Nuclear power does not cause air pollution or emit GHG during the power generation process, and provides reliable and stable power supply over a long period of time.  With more nuclear power generation projects being developed in the Mainland, we may consider taking the opportunity to improve the fuel mix in Hong Kong and increase the import of nuclear power to replace coal-fired electricity.  Subject to views received in the consultation, we would closely liaise with the Central Authorities and power companies in Hong Kong and the Mainland to take forward related initiatives.

     As regards part (a) of the question, the nuclear fission technology adopted by the Daya Bay Nuclear Power Station and other nuclear power stations in the Mainland was first developed in the 1940s and 1950s.  At present, nuclear power accounts for about 14% of global electricity supply.  Around 30 countries are now operating over 440 nuclear power generating units.  Nuclear power technology is relatively mature and widely used.

     In fact, the construction and operation of nuclear power stations in the Mainland are regulated by relevant national safety regulations for civilian nuclear facilities, and have to comply with national regulatory requirements before the plants could obtain the construction and safety operation approval.  The Ministry of Environmental Protection (MEP) is responsible for the environmental monitoring of the nuclear power stations.  The National Nuclear Safety Administration (NNSA) is a regulatory body under MEP responsible for the safety operation and inspection of the nuclear power plants.  The requirements for the construction and operation of nuclear power stations as well as handling of nuclear wastes are in line with the international standards.  The International Atomic Energy Agency (IAEA) also sends inspectors to inspect the operation of nuclear power stations.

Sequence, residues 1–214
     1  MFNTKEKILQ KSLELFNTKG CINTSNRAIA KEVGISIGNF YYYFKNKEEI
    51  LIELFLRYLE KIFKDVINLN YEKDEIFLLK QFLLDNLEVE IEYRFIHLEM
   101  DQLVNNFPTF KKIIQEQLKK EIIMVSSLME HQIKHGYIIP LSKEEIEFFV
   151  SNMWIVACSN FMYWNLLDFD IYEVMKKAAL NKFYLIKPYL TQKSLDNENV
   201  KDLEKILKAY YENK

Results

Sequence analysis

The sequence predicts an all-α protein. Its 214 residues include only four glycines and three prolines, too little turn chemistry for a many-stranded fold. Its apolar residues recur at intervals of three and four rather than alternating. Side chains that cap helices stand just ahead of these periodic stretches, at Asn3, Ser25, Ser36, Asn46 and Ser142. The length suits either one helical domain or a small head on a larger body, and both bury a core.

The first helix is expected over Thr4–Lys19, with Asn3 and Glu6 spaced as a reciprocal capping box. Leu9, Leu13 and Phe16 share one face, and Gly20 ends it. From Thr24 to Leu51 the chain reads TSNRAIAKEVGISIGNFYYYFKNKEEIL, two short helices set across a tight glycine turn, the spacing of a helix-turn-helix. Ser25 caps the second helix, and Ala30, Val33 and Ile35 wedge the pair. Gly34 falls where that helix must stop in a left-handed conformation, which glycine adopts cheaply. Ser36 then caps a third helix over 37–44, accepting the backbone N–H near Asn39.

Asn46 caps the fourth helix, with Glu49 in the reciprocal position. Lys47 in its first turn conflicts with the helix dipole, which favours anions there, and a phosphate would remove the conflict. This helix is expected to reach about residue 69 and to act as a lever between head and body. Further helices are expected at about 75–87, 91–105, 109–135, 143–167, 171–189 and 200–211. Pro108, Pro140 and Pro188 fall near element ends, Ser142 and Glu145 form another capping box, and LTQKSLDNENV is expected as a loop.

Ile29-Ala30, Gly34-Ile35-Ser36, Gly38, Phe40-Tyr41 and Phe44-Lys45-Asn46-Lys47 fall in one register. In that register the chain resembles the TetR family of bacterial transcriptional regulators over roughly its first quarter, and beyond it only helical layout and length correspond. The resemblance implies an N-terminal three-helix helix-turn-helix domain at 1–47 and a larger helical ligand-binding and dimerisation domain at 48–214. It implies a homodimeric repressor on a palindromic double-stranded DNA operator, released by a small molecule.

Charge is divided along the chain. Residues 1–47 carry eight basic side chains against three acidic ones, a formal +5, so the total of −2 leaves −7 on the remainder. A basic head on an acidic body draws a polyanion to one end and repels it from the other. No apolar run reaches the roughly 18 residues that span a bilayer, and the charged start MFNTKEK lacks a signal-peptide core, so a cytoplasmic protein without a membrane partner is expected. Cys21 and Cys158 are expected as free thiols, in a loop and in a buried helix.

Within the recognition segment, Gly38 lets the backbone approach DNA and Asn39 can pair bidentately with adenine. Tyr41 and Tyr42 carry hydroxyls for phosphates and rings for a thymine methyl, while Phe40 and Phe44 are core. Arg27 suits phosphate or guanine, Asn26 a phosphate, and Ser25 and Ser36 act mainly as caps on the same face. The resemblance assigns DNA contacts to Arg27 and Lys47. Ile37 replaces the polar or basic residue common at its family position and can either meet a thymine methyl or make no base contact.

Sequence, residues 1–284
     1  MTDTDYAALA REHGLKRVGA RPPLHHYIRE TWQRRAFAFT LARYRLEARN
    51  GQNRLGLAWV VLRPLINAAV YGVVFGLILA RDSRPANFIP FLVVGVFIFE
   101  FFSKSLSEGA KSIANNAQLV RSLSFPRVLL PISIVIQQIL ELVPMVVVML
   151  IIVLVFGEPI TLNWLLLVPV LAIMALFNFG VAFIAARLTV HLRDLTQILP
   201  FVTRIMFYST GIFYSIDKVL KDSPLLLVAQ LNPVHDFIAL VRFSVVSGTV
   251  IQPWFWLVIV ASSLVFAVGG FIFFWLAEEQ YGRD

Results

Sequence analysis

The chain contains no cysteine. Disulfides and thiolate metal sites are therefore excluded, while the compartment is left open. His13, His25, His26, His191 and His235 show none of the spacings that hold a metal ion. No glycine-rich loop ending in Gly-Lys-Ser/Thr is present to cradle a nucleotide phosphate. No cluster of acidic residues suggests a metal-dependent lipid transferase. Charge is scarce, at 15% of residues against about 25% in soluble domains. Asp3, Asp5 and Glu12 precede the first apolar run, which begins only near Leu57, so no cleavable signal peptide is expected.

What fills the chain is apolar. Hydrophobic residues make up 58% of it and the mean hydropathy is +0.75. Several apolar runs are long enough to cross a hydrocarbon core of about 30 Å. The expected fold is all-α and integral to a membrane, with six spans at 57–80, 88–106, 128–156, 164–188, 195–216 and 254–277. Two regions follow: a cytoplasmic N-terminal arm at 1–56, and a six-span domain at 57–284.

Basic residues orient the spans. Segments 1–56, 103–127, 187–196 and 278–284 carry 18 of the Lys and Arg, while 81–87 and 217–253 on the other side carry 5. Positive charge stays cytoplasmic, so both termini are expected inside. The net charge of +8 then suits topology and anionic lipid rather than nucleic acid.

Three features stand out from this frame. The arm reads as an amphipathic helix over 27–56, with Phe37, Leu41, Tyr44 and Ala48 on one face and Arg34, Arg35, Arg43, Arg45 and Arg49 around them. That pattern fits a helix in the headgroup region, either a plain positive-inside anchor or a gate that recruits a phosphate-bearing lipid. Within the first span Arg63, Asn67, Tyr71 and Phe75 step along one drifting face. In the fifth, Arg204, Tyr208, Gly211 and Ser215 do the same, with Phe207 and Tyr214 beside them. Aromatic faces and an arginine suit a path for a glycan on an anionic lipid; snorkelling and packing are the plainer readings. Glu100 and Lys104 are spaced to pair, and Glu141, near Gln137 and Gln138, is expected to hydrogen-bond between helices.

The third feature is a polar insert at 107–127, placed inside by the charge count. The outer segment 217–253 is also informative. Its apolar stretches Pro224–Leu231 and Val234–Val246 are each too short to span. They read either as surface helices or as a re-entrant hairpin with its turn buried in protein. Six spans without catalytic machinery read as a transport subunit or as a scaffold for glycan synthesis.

Under the Mainland's Regulation on Management of Seismic Safety Assessment, a seismic safety assessment (SSA) must be conducted for any nuclear power station and nuclear facilities construction project.  The report includes the technical requirements of the SSA and will be submitted to the relevant authority of the State Council in charge of seismicity for approval.  The authority will set the seismic resistance requirements of the construction works and the responsible construction works unit will carry out the seismic design based on those requirements.